[OPE-L:2385] Re: capital stock

Iwao Kitamura (ikita@st.rim.or.jp)
Tue, 28 May 1996 06:23:35 -0700

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Jerry [2373]:
>The value of constant fixed capital depreciates over time. Yet, constant
>fixed capital also has a material side which affects investment. In many
>branches of production, capitalists invest in a group of inter-related
>technologies which have a limited usefulness (e.g. "hard automation").
>Investment in this fixed capital is frequently not incremental since new
>technologies might require an entirely new plant. When they do invest in
>new and better constant fixed capital, the scale of investment frequently
>requires external financing (unlike incremental changes in technology
>which can be generally financed internally). A complicating factor, in
>practice, is where in the presence of oligopolistic markets, oligopolies
>might hold-off on investing in major changes in plant and equipment in
>order to reclaim a larger proportion of the value invested in existing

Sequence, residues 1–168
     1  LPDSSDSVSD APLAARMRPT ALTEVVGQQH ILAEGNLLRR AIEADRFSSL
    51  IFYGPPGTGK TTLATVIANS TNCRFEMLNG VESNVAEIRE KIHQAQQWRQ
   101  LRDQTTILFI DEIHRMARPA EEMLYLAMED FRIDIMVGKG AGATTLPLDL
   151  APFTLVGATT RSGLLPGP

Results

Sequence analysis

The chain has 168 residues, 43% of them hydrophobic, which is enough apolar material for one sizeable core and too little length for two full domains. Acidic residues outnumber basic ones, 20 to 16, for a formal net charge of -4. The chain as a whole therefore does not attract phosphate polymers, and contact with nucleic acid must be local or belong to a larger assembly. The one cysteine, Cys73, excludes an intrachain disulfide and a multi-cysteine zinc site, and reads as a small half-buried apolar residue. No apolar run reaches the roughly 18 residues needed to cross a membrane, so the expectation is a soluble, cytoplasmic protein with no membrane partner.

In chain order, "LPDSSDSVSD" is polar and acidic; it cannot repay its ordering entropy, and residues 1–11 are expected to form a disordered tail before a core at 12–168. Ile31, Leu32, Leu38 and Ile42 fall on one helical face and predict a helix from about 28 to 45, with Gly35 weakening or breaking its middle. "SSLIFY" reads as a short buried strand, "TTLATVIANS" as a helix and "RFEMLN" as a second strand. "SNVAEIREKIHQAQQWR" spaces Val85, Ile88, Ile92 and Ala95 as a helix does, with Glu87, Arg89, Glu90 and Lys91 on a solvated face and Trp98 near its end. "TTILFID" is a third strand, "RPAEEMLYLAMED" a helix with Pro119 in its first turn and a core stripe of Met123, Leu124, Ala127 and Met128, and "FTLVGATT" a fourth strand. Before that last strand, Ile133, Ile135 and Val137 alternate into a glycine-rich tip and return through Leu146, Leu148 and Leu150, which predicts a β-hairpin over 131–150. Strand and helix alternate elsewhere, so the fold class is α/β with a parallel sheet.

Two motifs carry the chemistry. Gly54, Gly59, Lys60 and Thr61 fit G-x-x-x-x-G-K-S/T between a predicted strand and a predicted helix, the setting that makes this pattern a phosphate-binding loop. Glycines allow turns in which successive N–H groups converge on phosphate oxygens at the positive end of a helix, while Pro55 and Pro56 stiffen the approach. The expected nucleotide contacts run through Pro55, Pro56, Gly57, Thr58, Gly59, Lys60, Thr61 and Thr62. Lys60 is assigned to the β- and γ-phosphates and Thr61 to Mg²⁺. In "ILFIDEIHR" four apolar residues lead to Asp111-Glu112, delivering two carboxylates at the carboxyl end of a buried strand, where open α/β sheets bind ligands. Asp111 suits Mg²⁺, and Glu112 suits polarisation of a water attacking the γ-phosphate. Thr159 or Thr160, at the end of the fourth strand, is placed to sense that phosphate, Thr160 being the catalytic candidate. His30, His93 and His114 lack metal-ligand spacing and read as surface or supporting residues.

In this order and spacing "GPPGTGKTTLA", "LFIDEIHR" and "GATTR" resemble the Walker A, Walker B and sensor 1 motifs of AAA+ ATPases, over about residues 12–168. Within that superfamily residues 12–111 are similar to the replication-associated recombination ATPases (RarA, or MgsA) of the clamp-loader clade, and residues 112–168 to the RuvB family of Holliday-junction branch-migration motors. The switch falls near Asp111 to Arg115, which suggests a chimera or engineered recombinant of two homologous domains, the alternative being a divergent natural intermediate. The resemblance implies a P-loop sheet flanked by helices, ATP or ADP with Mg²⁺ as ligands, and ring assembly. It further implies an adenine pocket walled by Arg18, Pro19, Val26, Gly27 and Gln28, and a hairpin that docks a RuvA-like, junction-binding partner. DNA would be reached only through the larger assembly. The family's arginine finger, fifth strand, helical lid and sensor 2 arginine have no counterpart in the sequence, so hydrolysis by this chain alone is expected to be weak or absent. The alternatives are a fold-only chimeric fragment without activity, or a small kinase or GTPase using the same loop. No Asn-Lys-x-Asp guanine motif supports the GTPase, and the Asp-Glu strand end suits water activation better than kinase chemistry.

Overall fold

>fixed capital.


Jerry [2373]:
>However, if the semiconductor
>manufacturer had to scrap its entire plant and equipment, it might *not*
>invest in 16M DRAM process technologies. In other words, while they would
>in the long-run be straddled with out-of-date capital equipment, the
>effective cost of shifting to the newer, alternative technology might mean
>that they put-off this decision since they would have to write off the
>full value of existing plant and equipment.

Yes, might be so. So the problem is moral depreciation. If the manufacturers
of 4M DRAM themselves aknowledge that production of 16M DRAM would lower
the price of 4M DRAM under its current cost (excl. depreciation)and anticipate
its entry time, then they will depreciate the equipments producing 4M DRAM
appropriately to their anticipation. Or we could say the whole value of those
equipments is transfered to the products in that short period if this change is
socially (by capitalists) recognised.
I'm still hazy whether the transfered value (depreciation) is retrospectively
determined or the difference between anticipated and actuall is transfered
over time period (retrospectively).
Of course, there's no need to stop the production of 4M DRAM if its
(cash flow - rent) is positive. And this must be an obstacle to capital
mobility. Probably, this case, especially in heavy industry in practical
analysis, is related to the problem of crisis or business cycle.

in solidairty,


Iwao Kitamura
mailto: ikita@st.rim.or.jp